Sunday slant: Vikings benefit without signing

The Vikings are the beneficiary of Brian Urlacher's situation despite not signing him. How's that? The speculation, no matter how off base, has given Erin Henderson a new motivation, but there are things Henderson has to work on.

Erin Henderson finds a lot of ways to be motivated, but a lack of respect is a consistent theme.

He's found plenty of that lately – real or perceived – in talk of the Vikings having interest in Brian Urlacher. Keep in mind, however, that all of the chatter on Urlacher has been from outside sources, like a Chicago columnist that appears to be barking up the wrong relocation tree.

At every turn, when Vikings sources have been asked about an interest in Urlacher, there is a direct quote or a dismissive tone to suggest otherwise. It would go against their theme of building with young players, and Henderson is still young enough to fit into that category, which is why the Vikings were willing to invest in him for at least the next two seasons at a price of $4 million.

Still, Henderson told 1500 ESPN last week that he isn't happy with all the talk of Urlacher.

"Coach told me all the time, ‘Play angry. You're too nice sometimes. Play angry,'" Henderson told 1500 ESPN. "I haven't been more pissed in – I couldn't tell you. I don't think I've ever been this pissed in my entire life, to just hear people talk about stuff that they have no idea what they're talking about.

"I guess it's getting to a point now where it's like, ‘Dang, I just want a little bit of respect.' I'm not asking you to call me the greatest linebacker to ever play the game yet. Maybe one day we might get to that point, but show me a little bit of respect for what I've done and what I've accomplished in this league."

If the Vikings play their sound bites right, they can keep Henderson's high level of, uh, pissed-off-ishness in place. It's the ultimate motivator – perform or you could be replaced by Uncle Urlacher, whether there is any truth to that or not.

In this case, forwarding the story works for both Henderson, who has a reason to feel slighted again, and the Vikings, who can trust that a motivated Henderson will be an improved Henderson.

Before the Vikings re-signed Henderson before he reached unrestricted free agency in March, they had reviewed the tape on him. Defensive coordinator Alan Williams saw an improving linebacker, but one that needs more consistency.

"I think for him it's still a growing process. He still had some inconsistent plays, but the thing about Erin was that I think he made more than he missed, so in the plays that he made he had more big plays," Williams told Viking Update after reviewing Henderson's film from 2012. "The inconsistent plays just didn't hurt us as much. The whole defense worked out where one guy may be a little inconsistent in one spot and miss a play, but other guys are in the right spot and other guys are running to the football so they don't turn into big plays."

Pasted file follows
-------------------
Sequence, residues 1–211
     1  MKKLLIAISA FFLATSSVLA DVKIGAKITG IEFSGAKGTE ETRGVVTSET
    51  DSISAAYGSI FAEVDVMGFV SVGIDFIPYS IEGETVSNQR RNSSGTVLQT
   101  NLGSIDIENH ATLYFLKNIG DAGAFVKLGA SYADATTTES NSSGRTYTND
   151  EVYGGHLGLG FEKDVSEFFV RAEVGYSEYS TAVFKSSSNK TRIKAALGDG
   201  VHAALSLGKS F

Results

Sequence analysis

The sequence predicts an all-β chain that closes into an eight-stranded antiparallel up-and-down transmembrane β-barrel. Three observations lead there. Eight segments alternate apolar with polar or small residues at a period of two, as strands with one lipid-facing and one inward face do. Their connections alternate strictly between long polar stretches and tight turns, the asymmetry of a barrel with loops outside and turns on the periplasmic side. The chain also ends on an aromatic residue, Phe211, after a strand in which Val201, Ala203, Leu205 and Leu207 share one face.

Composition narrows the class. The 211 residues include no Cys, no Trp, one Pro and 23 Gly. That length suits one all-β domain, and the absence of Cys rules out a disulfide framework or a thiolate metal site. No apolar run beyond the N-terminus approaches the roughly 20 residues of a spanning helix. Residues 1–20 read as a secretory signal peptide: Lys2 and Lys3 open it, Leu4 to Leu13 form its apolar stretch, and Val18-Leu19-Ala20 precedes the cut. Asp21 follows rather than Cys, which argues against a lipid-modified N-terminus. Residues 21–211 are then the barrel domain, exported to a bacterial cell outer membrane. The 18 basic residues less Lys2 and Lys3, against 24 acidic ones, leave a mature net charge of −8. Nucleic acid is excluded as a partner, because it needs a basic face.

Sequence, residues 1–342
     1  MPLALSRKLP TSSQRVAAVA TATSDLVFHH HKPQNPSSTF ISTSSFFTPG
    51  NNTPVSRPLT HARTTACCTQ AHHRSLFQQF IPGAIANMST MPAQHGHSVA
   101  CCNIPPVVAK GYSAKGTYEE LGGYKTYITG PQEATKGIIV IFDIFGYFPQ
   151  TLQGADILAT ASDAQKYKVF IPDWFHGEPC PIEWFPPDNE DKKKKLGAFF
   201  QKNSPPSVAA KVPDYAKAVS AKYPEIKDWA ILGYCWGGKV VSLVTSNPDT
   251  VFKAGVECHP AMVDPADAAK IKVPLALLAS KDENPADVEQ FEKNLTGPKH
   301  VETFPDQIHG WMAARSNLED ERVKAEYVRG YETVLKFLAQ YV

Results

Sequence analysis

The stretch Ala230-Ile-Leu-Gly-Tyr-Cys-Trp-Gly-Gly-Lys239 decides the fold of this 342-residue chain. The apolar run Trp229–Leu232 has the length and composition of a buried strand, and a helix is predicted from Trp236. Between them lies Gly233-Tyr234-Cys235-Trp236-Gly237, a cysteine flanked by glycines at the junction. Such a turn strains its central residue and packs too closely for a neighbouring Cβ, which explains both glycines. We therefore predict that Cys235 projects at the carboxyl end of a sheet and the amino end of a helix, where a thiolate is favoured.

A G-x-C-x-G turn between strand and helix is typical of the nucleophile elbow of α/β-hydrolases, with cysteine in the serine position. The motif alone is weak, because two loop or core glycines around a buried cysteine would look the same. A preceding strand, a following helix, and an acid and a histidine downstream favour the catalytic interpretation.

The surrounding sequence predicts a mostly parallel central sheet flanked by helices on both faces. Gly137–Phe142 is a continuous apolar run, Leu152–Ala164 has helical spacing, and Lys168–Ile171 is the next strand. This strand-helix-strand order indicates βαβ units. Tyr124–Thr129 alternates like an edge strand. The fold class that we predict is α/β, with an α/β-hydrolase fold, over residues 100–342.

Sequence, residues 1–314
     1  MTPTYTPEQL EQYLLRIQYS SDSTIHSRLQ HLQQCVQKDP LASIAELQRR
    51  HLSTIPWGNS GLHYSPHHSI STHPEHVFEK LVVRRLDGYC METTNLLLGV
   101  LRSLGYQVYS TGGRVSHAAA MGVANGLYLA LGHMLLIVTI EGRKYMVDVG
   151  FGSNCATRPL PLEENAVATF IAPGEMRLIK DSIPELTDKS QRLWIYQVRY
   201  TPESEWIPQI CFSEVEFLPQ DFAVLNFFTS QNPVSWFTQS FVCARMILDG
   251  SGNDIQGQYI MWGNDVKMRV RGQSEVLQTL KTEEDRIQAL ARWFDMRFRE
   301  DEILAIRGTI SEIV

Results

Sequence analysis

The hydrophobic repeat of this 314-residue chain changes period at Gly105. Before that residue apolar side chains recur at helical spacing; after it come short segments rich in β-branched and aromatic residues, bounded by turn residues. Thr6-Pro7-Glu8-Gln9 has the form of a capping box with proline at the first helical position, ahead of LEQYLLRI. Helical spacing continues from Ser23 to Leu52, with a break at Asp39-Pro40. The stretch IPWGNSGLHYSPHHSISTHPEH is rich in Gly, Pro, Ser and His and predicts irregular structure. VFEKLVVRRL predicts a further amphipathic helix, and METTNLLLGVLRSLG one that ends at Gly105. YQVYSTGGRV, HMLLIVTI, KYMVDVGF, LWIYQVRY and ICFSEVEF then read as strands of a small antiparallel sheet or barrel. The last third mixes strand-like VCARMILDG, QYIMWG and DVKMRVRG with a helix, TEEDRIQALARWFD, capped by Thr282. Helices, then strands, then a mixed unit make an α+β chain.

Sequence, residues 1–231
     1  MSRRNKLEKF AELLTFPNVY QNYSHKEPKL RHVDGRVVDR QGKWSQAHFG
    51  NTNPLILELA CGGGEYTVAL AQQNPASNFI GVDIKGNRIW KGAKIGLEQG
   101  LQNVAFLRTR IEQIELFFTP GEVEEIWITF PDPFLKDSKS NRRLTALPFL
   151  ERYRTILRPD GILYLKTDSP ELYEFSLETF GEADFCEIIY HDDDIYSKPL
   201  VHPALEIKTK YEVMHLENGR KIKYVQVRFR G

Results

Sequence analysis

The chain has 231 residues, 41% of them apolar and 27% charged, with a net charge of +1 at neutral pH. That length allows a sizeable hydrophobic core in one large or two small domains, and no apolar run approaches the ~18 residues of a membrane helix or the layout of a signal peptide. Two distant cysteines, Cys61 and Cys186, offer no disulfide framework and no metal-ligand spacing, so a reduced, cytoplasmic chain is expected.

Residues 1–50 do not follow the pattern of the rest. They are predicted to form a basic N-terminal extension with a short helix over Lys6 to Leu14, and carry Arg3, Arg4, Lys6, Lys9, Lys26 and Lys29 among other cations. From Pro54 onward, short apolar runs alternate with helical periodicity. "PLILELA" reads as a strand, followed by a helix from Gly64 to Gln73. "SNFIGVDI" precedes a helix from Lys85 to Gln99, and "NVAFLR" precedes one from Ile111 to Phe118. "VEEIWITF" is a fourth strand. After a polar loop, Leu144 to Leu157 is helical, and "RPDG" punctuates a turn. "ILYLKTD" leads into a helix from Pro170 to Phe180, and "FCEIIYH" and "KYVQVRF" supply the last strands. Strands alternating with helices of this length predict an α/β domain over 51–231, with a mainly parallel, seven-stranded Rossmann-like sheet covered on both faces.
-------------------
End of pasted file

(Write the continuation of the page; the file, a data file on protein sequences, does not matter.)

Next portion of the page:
Urlacher has the respect of opponents for the player he used to be, and maybe the leader he still could be. Maybe he could still bring good leadership to the position that is the "quarterback of the defense," but Henderson believes he already has the respect of his teammates. Williams, his defensive coordinator, agrees.

"I think Erin's a natural leader and you want a guy like that on the field to be able to make your calls and get the defense lined up," Williams.

Urlacher reportedly turned down a one-year, $2 million deal that included a $500,000 signing bonus, $500,000 workout bonus and a $1 million salary. Length of contract aside, that's essentially the same kind of annual earnings that the Vikings gave Henderson, who has more upside at this point in their respective careers.

The Vikings refuse to disparage Urlacher and why should they? There is no upside there. They might just motivate him, like they have Henderson, if Urlacher reverses course and re-signs with Bears.

"Brian has been a great player in our league for a long, long time," Vikings coach Leslie Frazier told NFL Network. "He was a thorn in our side for many years. At this point we want to look at the guys on our roster, give them a chance to compete for the middle linebacker position then we'll see where it takes us."

At this point, even the Bears think there is less than a 50 percent chance they will re-sign Urlacher. If they are that wiling to move on without him, why should the Vikings be eager to sign him?

Fact is, few teams have really shown much interest in Urlacher. Three weeks into free agency, he hadn't even gone on any free-agent visits and it seems whenever there is reported interest in him – most of it likely manufactured by his representatives to try to create a market – it is shot down in good time.

Henderson has plenty of motivation. He wants to take over the middle linebacker position, the one his older brother ably manned for many years, and become more of a full-time, three-down player. Last year, he played in only 60 percent of the defensive snaps. Whether he plays middle linebacker or weakside linebacker this year, that's likely to increase dramatically and he should be in for the majority of the nickel snaps, too.

For now, the Urlacher speculation seems to be yielding positive results. Like Donovan McNabb at the end of 2011 and during the 2012 offseason, it's appearing more and more that Urlacher's days in the NFL are over and it's just a matter of him coming to grips with that.

In the meantime, the Vikings are the beneficiary with a "pissed" Henderson aching for respect.


Tim Yotter is the publisher of Viking Update. Follow Viking Update on Twitter and discuss this story on our subscriber message board.

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